Jun 18, 2013

Ohio Study Finds No Correlation Between Teacher Rating, Salary

I'm having a tough time with this one.

According to data collected from Ohio’s new value-added teacher ratings, there appears to be little correlation between how much value an instructor brings to each student and how much that instructor is paid.
This is the bit that had me throwing up my hands...
In some ways, these results are no surprise: The way Ohio schools determine teachers’ salaries has nothing to do with how well they teach. It has everything to do with how long they’ve been teaching and whether they have a master’s degree.
So, were they studying value/salary or value/quality? To me, it seems silly to expect variation when you know salary is simply based on years. I guess it's logical to think that experience leads to quality, but, come on, that's not necessarily true. A crap teacher this year is a crap year next year. And a fantastic teacher will probably improve from year to year, but that teacher also has to deal with a myriad of variables.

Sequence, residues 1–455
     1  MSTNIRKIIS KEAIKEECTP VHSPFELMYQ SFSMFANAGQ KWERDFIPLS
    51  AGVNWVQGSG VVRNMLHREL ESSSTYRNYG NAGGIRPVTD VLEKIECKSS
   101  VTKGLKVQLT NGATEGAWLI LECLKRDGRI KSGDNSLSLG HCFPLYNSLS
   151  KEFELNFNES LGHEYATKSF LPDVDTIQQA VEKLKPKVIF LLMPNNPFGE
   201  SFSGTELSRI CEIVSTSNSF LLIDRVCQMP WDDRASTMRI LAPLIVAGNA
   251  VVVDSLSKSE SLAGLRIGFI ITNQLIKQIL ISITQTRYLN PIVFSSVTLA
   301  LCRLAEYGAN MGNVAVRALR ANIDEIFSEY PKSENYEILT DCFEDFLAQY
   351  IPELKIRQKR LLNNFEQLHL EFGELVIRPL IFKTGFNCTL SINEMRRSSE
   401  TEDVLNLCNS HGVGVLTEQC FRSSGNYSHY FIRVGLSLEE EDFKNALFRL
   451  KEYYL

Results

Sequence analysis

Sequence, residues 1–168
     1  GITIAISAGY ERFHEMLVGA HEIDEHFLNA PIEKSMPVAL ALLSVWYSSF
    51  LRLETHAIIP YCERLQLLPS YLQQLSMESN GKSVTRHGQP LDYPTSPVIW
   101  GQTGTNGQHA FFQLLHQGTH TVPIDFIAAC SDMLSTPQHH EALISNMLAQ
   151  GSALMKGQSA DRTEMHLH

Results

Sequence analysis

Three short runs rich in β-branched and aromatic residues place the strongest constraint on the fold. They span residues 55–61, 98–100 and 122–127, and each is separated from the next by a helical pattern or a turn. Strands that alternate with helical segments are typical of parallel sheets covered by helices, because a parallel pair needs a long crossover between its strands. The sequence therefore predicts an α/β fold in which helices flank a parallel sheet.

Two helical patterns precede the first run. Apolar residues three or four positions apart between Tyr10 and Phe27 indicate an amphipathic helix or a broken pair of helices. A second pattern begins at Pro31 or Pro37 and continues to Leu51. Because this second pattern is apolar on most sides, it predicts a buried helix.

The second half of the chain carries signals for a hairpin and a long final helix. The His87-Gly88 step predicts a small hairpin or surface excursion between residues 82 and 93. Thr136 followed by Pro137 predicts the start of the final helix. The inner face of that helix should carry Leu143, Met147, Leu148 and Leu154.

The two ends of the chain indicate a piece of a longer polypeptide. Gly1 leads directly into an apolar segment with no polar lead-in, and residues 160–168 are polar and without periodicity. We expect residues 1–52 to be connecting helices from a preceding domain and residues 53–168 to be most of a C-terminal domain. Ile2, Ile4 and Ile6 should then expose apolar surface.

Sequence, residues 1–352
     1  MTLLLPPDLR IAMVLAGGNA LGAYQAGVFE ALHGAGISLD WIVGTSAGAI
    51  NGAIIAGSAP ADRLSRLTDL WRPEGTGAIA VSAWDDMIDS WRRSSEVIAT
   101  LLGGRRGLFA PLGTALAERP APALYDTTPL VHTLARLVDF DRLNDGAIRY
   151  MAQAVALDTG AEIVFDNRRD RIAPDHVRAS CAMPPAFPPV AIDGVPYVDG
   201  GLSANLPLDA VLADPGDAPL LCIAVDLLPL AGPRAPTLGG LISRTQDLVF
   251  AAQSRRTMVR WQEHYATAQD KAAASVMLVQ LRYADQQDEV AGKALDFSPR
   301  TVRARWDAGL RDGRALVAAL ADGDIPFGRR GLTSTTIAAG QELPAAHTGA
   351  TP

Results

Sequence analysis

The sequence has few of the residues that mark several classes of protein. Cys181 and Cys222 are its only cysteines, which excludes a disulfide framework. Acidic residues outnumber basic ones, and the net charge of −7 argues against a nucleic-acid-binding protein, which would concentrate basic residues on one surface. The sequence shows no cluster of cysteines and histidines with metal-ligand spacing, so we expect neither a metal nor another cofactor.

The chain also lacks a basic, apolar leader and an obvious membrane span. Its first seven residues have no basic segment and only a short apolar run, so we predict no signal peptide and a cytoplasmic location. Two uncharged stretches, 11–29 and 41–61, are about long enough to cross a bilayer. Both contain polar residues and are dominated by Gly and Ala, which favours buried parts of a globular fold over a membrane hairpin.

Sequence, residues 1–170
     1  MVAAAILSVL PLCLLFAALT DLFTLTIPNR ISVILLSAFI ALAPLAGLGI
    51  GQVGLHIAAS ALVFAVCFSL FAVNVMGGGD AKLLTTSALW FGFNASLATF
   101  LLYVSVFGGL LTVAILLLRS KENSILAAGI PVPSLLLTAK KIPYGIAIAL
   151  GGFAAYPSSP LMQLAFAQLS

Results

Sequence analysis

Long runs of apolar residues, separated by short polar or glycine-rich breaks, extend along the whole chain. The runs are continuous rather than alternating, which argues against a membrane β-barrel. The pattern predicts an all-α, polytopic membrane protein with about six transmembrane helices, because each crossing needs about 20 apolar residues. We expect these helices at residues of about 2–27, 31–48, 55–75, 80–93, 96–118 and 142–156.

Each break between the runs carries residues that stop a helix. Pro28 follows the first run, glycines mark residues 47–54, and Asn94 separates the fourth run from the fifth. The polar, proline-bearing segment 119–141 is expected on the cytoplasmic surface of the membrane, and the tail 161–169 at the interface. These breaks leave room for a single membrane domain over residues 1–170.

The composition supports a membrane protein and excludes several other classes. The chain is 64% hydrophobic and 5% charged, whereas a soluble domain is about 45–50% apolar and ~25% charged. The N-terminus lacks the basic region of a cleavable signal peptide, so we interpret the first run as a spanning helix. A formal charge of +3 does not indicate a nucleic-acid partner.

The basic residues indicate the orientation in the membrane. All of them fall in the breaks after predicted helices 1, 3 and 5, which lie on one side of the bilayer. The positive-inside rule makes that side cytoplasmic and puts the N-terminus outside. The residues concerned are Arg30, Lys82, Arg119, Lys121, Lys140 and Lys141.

My frustration over this article grew when I read...
The StateImpact/Plain Dealer analysis is based on the new assessment scheme that uses standardized test scores to determine how much teachers contribute to each individual student’s success. The approach seeks to give a more objective answer to the question “What makes a teacher good?”
Before my students took the Texas STAAR test this year, I told them that they weren't a number. A test or three tests do not define them. I guess we can't say the same thing about Ohio teachers. 

UPDATE: On Dr. Ravitch's blog, I found a related post, Ohio Teachers Subjected to Junk Science Ratings.

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